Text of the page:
The Harvard University Art Museums own one of America's best collections of works by Edgar Degas. The Fogg Art Museum, The Houghton Library and Harvard's Dumbarton Oaks Research Library and Collection in Washington, D.C. present more than 60 works by the artist at Harvard's Arthur M. Sackler Museum until November 27, 2005.

In 1911, the Fogg was the world's first museum to organize an exhibition exclusively dedicated to Edgar Degas. It remained the only monographic exhibition during the artist's lifetime.

A key figure in the relationship between Harvard and the work of Degas was Paul J. Sachs (1878-1965). He was a financier and partner of the Goldmann Sachs firm, when, at the age of 37, he ended his promising career at Wall Street in order to dedicate himself to the arts and collecting. Sachs became professor of fine arts at Harvard and associate director of the Fogg. He collected some 22 works by Degas, which, over the years, he gave or bequeathed to Harvard. By his teaching and enthusiasm for the French artist, he inspired his students, many of which became future scholars, collectors, curators and museum directors. Some of them also bequeathed works by Degas to other museums, e.g. in Detroit and Philadelphia.

One Harvard student, Eugenia Parry (Janis), "broke scholarly ground with her exhibition and catalogue raisonné of Degas' monotypes in 1968, which were based on her dissertation research..." Another Harvard student, Charles W. Millard, completed his doctoral thesis on Degas' sculpture in 1971. He presented his research to the public three years later in connection with an exhibition in Dallas. In 1976, Millard published a catalogue raisonné of the Degas sculptures.

Among the exciting works by Degas at Harvard is the oil painting Interior (c. 1874). Sachs' former student Henry McIlhenny had bought it in 1936, only four days after Sachs himself had taken it "on approval" for the Fogg, but could not raise the purchase prize and had to return it to the dealer. Sachs wrote to McIlhenny: "Three cheers and congratulations that you have acquired one of the greatest pictures of the 19th century."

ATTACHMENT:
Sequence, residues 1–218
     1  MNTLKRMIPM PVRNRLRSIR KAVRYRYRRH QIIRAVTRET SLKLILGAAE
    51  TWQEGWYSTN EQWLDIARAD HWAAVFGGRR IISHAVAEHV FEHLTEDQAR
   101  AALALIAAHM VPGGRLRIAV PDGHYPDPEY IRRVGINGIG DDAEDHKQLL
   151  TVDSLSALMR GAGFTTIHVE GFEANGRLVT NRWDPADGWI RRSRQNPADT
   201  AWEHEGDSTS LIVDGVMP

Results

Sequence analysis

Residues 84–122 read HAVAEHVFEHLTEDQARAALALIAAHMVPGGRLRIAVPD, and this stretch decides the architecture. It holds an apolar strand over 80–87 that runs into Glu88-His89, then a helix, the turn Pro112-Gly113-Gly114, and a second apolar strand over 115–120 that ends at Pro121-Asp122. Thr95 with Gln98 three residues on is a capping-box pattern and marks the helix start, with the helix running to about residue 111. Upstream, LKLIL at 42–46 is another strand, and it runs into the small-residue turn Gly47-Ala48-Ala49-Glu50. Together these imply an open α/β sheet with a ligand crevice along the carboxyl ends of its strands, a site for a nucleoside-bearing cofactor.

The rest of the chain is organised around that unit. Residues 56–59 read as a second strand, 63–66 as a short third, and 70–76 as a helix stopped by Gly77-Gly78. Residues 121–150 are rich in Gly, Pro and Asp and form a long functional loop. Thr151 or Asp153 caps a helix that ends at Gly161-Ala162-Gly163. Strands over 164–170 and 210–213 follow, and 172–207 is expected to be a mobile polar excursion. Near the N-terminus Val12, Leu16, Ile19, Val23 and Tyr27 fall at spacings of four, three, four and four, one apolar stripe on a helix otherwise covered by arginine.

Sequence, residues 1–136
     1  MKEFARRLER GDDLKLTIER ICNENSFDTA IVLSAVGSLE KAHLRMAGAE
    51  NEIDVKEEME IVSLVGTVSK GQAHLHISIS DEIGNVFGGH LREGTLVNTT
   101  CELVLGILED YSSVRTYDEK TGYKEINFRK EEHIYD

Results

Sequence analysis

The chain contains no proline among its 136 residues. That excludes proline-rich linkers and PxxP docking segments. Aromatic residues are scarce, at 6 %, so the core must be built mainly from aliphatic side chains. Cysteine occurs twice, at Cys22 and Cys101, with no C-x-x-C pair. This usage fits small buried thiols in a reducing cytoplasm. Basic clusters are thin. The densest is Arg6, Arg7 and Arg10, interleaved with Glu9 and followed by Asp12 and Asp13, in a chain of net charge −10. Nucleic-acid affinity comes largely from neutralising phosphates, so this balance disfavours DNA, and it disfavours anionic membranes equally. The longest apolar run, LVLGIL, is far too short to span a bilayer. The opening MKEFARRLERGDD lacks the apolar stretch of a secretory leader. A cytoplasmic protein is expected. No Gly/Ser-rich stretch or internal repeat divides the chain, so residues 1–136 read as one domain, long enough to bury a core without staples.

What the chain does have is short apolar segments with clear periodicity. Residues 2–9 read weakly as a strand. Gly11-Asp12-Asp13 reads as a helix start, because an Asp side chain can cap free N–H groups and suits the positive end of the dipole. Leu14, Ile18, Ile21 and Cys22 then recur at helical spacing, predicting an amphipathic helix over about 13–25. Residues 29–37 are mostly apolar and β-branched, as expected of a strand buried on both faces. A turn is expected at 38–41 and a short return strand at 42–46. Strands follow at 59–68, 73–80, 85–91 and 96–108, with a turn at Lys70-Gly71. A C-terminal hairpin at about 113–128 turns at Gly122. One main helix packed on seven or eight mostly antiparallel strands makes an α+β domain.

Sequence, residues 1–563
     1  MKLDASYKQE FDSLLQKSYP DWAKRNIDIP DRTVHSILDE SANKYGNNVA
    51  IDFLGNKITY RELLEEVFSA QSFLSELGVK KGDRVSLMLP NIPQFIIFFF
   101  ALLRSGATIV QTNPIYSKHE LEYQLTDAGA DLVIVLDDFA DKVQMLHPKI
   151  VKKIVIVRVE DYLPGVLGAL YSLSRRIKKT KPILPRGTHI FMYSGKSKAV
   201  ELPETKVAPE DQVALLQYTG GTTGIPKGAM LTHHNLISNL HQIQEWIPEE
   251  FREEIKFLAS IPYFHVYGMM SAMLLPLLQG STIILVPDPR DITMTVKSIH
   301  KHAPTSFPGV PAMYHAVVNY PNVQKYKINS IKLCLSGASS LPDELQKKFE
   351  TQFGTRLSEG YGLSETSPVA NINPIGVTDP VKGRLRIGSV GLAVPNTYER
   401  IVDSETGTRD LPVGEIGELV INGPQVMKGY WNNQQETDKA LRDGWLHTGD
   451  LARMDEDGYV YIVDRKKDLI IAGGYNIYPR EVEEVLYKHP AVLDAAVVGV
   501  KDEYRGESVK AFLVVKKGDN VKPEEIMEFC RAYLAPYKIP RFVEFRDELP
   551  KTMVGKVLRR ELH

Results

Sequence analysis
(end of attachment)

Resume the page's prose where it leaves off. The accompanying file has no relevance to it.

A superficial observer might overlook Interior as an ordinary bedroom painting. However, a closer like reveals an unusual subject: A man and a young women, partly undressed, are part of a story-telling picture. In 1912, the painting was entitled in a much more revealing way in the first published monograph on Edgar Degas by Paul-André Lemoisne: Le Viol (The Rape).

Another masterpiece by Degas at Harvard is the sculpture Little Dancer, aged fourteen, modeled around 1880. Another version of this sculpture is on display at the Fondation Pierre Gianadda in Martigny, Switzerland. The Little Dancer is by far my favorite bronze by Degas. The unnumbered copy at Harvard was a 1943 bequest to the Fogg Art Museum by Grenville L. Winthrop (class of 1885), who had purchased it in New York City in 1924.

The catalogue cover of Degas at Harvard shows a portrait of Alice Villette (1872). The painting was bought by C. Chauncey Stillman (class of 1898) in 1925 for the Fogg. Stillman was a member of the Fogg's Visiting Committee and established the Charles Eliot Norton Chair of Poetry.

Other masterpieces at Harvard include Two Dancers Entering The Stage (c. 1877-78) and The Rehearsal (c. 1873-78). The first is a pastel over monotype in black ink, another bequest by Grenville, the second an oil painting, a bequest from the Collection of Maurice Wertheim (class of 1906).

The catalogue Degas at Harvard contains essays by Harvard curator Marjorie Benedict John and the Degas scholar Jean Sutherland Boggs, a former pupil of Paul Sachs. They examine the history of the acquisition of the Degas working, teaching and exhibiting collection at Harvard as well as the key figures in this enterprise. They also point out to the key role played by Harvard and its scholars and pupils in the understanding of Degas.


Richard Kendall et al.: Degas and the Little Dancer. Yale University Press, 1998, 192 p. Catalogue for an exhibition at the Joslyn Art Museum, Omaha, in 1998. Get the book from Amazon.com or Amazon.co.uk.